Of late, various signals indicate that the households are still not doing well in their dealings with firms, many of these seem to exploit their marketpower in the form of-monopolistic power in the product markets. Again, both efficiency and equity are threatened to the detriment of households (in the capacity of consumers). Of course, institutions exist (e.g. Anti-trust laws) to curb the blatant application of monopolistic power. Nonetheless, the situation is far from satisfactory as witnessed by the rising politico-social tides of "consumerism" (Aaker & Day, 1971; Clemhout, 1971; Furuhashi & McCarthy, 1971; Gardner Jones, 1970; Mather, 1971; and Nadel, 1971).

In analogy to the management-labor relationship where collective bargaining worked reasonably well, one may well wonder whether the same collective bargaining approach can be fruitfully transplanted into the producer-consumer framework. What are the feasibility criteria, the drawbacks and the strengths of the collective bargaining approach in the present context, both in its own right and in comparison with the more traditional means of protection for the consumer? To understand the basic issues and to evaluate the alternative policy and institutional measures, we must first analyze the causal determinants of the welfare of the households. The socio-economic system surrounding the household is sketched in Chart 1 below:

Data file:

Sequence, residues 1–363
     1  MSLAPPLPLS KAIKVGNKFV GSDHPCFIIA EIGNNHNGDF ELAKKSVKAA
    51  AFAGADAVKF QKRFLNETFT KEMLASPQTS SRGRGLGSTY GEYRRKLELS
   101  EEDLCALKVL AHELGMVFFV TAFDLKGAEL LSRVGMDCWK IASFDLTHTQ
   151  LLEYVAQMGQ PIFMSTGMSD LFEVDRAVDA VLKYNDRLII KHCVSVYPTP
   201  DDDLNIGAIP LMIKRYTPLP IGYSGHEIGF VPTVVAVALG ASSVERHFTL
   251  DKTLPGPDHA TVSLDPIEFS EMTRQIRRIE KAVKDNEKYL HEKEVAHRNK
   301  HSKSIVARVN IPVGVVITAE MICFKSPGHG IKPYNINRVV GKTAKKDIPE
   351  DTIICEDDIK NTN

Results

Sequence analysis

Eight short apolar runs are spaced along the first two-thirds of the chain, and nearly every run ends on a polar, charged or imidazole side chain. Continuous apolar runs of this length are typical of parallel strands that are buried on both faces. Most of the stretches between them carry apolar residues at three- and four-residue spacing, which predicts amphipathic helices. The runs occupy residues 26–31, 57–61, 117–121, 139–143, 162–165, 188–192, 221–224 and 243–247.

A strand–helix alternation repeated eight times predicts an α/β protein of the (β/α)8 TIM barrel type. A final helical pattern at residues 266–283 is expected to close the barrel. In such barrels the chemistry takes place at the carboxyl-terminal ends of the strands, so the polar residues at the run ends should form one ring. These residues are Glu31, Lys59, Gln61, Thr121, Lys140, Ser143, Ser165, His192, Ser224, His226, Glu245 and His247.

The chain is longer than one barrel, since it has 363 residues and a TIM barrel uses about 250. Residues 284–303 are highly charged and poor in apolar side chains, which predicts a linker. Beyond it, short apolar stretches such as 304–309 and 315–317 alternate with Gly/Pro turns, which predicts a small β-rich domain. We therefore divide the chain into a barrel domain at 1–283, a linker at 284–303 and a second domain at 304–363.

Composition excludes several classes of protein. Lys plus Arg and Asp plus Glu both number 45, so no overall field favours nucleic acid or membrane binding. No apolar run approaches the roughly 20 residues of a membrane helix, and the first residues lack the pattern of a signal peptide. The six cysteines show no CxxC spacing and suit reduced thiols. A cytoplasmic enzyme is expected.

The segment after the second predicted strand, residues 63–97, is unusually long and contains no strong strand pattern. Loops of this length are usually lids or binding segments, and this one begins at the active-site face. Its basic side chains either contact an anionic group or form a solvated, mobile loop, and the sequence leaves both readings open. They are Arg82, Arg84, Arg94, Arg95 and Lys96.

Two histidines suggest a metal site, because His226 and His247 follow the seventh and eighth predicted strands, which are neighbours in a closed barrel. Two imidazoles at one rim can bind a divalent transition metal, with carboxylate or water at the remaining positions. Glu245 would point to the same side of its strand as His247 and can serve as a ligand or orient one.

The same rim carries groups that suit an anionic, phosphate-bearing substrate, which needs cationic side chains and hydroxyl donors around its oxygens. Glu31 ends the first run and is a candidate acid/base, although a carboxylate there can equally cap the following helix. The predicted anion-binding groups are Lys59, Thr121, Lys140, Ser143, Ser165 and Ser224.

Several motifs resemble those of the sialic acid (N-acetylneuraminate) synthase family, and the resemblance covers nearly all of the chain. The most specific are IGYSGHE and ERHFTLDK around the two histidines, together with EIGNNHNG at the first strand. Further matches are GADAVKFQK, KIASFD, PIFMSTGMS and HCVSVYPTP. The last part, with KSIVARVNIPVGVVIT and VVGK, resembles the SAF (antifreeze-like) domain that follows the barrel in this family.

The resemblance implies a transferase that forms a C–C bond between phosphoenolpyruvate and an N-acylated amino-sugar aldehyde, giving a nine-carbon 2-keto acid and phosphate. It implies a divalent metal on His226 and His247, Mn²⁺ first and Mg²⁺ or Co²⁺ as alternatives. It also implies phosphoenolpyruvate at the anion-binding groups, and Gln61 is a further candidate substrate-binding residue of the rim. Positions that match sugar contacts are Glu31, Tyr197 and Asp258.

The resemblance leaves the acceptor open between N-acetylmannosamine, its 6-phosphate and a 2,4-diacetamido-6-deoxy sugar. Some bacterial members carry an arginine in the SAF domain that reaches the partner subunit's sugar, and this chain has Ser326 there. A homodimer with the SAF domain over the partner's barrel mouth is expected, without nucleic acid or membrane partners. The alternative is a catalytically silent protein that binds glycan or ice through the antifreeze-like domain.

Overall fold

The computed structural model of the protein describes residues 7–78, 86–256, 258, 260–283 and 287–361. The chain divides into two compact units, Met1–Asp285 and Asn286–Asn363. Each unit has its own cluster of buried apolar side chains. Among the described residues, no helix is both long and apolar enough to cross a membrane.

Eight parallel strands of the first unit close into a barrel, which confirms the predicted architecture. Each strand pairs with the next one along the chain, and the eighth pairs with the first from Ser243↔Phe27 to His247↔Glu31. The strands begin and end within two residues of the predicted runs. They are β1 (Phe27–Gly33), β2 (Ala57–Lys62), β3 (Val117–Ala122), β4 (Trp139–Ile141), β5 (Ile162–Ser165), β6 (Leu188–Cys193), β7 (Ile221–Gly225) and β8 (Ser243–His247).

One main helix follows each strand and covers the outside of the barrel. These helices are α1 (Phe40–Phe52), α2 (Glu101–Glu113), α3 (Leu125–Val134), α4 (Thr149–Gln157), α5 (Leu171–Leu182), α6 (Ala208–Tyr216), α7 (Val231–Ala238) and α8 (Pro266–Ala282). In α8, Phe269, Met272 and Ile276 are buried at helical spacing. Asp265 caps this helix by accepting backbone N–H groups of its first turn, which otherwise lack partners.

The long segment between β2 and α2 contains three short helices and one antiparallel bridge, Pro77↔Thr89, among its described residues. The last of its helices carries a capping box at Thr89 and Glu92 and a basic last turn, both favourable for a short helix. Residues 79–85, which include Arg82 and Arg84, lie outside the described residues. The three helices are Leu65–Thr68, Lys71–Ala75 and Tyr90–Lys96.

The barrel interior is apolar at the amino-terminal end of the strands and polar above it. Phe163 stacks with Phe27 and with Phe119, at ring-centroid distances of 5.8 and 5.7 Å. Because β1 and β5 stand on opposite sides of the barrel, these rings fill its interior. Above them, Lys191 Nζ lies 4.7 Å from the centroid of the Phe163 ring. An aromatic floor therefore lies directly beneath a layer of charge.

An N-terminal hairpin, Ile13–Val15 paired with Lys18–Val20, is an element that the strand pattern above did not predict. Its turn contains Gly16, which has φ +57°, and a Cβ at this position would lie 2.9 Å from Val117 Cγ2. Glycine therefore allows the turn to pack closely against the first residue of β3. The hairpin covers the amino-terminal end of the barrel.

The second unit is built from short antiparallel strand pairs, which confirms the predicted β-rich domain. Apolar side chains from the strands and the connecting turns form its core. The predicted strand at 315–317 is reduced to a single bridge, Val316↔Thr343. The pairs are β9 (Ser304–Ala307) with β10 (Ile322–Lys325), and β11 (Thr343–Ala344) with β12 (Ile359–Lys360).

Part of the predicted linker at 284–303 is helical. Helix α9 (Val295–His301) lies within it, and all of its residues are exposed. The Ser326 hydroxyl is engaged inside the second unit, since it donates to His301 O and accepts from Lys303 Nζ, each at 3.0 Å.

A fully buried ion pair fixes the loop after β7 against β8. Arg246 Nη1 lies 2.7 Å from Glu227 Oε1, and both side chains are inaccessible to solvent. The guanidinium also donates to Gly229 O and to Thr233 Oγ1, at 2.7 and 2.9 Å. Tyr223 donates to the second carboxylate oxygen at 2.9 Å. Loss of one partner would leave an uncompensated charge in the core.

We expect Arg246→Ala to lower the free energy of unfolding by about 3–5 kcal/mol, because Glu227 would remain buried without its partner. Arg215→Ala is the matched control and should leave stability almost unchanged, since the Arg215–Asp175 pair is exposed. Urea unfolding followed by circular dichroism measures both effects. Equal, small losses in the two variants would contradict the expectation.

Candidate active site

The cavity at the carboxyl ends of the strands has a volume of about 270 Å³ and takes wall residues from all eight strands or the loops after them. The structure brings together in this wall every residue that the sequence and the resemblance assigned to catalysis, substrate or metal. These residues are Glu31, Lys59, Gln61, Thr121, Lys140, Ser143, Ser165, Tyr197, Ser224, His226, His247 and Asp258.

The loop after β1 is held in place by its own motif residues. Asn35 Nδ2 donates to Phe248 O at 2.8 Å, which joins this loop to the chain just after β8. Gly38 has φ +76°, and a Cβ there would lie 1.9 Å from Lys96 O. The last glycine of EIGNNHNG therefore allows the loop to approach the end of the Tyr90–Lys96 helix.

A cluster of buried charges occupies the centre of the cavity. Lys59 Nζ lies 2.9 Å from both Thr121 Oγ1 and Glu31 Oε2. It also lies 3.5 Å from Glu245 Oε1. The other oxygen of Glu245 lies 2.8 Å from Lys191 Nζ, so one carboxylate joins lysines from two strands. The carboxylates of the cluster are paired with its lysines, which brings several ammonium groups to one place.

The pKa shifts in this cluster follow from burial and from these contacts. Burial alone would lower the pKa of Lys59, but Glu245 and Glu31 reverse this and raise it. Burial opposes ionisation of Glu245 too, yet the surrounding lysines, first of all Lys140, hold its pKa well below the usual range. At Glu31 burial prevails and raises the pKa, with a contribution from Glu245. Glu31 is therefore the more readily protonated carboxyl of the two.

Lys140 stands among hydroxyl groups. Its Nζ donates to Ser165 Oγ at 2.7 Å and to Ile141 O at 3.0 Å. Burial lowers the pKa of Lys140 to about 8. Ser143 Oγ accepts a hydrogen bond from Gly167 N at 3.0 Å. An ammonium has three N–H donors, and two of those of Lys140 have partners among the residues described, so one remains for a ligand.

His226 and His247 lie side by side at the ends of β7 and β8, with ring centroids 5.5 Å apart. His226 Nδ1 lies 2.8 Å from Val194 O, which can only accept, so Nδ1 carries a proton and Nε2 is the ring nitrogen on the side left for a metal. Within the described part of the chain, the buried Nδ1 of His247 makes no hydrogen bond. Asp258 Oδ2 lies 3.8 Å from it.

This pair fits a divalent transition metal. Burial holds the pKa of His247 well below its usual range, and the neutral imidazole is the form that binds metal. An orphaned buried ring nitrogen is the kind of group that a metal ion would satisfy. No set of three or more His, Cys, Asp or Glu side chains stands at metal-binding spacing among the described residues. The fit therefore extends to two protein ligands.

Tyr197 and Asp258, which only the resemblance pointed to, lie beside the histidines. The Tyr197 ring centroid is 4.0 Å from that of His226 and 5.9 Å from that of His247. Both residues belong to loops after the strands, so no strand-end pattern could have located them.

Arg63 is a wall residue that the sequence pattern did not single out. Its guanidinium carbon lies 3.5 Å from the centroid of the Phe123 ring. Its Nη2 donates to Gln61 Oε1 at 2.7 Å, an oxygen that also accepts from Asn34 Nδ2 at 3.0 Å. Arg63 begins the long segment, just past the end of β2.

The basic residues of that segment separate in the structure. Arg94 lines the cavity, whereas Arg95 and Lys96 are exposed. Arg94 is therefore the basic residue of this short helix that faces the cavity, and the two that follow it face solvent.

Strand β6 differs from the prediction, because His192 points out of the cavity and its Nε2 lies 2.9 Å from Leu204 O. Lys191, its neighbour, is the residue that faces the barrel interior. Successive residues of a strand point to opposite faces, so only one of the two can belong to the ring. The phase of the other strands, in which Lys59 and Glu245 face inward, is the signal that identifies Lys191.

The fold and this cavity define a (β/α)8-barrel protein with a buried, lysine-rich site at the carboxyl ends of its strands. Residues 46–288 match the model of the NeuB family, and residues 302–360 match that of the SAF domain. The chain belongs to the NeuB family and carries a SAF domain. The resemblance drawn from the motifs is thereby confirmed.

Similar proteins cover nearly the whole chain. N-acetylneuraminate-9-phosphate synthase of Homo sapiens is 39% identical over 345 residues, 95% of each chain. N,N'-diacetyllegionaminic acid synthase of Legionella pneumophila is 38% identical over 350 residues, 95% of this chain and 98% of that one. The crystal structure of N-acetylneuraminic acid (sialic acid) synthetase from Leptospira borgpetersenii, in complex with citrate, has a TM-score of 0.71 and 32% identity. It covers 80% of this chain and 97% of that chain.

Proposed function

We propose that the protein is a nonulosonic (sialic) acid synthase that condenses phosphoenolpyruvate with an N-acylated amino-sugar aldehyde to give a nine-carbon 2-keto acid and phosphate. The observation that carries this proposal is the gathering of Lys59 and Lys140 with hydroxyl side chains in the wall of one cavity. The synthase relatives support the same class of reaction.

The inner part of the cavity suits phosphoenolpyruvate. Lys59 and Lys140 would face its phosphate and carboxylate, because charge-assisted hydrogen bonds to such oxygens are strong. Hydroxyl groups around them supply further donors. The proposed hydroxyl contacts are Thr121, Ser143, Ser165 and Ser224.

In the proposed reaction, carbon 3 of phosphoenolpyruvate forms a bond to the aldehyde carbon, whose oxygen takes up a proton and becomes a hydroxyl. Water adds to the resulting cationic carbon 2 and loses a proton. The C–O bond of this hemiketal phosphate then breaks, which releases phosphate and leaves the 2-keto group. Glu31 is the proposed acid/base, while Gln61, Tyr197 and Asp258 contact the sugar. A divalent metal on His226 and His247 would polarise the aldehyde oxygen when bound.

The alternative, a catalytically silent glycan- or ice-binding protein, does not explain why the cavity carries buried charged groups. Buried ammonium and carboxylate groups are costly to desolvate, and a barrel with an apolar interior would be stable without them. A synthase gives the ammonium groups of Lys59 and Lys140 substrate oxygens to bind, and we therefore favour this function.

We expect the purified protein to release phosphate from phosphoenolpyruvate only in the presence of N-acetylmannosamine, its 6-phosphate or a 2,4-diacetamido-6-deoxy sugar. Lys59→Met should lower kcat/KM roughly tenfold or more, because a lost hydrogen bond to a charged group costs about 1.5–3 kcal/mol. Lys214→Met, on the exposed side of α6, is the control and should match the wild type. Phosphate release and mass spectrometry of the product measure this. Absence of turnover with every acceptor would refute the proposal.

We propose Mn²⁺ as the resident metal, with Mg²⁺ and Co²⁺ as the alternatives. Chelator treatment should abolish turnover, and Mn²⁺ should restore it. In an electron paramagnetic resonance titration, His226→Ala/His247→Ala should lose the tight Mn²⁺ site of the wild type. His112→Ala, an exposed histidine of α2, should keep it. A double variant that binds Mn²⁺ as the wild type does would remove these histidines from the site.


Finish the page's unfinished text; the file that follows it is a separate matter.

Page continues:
As indicated at the bottom of Chart 1, the welfare of the household is affected by three elements:

1. the consumption basket

2. the working conditions

3. the environmental conditions